One afternoon a month the Greater Manchester Chamber of Commerce Educator Leadership program brings Manchester educators and local business people together to talk about how to prepare students for various jobs and careers. These introductions frequently lead to follow-up presentations in the classroom.

Former NH School Board Fred Bramante recently launched his 10,000 mentors program. He hopes to have 1,000 mentors in Manchester who are willing to be career mentors to students in the Manchester Schools. High School students would be able to receive credit through the Extended Learning Opportunities option offered in Manchester High Schools.


RELATED STORY: Fred Bramante is recruiting 10,000 Mentors for Manchester schools


Unfortunately, the cost of higher education can be a significant barrier for children in low income families. In light of this, Manchester’s local colleges have stepped forward to help our students access college and post-secondary training programs. STEAM Ahead is a great example, but students are also able to acquire college credits through existing programs like Manchester Community College’s Running Start Program or through dual enrollment at Southern New Hampshire University. Earlier this year the NH Community College System reduced its tuition rate to $600 per 3-credit course and hopes to lower it even more in coming years.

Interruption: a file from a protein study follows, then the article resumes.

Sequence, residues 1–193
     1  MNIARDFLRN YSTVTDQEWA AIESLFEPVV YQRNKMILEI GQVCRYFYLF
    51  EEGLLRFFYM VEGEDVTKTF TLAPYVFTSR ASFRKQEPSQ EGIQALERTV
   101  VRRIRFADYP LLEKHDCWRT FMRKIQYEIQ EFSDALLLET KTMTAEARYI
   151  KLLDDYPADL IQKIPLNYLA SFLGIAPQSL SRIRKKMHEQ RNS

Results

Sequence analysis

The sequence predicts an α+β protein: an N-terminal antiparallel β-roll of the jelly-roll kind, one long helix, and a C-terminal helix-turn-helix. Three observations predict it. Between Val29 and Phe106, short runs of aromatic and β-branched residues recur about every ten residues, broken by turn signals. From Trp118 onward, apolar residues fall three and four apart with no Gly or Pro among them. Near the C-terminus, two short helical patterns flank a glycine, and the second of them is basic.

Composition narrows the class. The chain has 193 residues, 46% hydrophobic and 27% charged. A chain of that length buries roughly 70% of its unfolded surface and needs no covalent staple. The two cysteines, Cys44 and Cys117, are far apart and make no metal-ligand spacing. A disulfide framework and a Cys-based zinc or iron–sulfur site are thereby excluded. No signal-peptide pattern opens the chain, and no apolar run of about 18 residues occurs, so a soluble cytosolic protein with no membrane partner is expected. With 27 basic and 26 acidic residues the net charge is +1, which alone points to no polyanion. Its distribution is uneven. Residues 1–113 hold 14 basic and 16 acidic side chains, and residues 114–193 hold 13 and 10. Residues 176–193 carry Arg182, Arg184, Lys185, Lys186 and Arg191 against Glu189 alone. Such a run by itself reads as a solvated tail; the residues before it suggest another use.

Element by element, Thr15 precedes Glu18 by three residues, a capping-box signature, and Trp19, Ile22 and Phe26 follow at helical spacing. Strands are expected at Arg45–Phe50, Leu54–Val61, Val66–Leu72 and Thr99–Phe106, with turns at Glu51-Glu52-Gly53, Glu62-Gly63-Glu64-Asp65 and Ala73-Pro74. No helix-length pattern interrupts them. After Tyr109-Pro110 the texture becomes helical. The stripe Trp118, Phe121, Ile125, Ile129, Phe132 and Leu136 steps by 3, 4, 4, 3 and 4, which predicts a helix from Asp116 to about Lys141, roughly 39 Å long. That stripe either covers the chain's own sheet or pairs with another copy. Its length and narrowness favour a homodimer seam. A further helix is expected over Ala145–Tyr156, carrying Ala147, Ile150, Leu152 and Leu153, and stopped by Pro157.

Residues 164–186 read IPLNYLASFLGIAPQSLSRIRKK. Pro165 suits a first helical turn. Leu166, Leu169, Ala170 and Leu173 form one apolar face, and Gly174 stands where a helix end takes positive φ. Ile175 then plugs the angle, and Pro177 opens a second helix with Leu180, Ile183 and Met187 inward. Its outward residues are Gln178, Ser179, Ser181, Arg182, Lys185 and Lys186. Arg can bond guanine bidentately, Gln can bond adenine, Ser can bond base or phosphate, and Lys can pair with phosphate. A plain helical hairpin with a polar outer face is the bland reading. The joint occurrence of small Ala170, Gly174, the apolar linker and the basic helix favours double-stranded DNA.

On November 7 leaders from the local Higher Education Community will be coming together to review the Manchester’s Education Benchmarks report and to collaborate on a plan to help address the findings. Manchester’s local colleges: UNH-Manchester, Manchester Community College, SNHU, St. Anselm, Granite State College, NH Institute of Art, and Mass. College of Pharmacy, represent a tremendous untapped resource. These institutions could offer staff development and graduate degrees for teachers and administrators, provide tutors and health screeners for students, develop enrichment programs for students, and so much more.

This benchmark report provides a starting point to begin these important discussions. Similar collaborative efforts take place in other communities around the country and are very effective in addressing problems and forging paths to great community success. I am very excited about the energy that exists in the city right now and I am looking forward to seeing the great things that will come from the release of this report.


Kathy Staub
Kathy Staub

Kathy Staub is an At-large member of the Manchester Board of School Committee and mother of two grown children who graduated from Central High School.

Manchester Ink Link welcomes your submissions for our Opinion section. Send them to Carol Robidoux at robidouxnews@gmail.com
About Carol Robidoux 5212 Articles
Journalist and editor of ManchesterInkLink.com, a hyperlocal news and information site for Manchester, NH.
  • Peter

    Great column. Hopefully the political leadership of Manchester does not behave in their typical manner by not allowing facts to interfere with their distorted perception. That bubble has been pretty impenetrable over the 25 years I’ve lived in this city.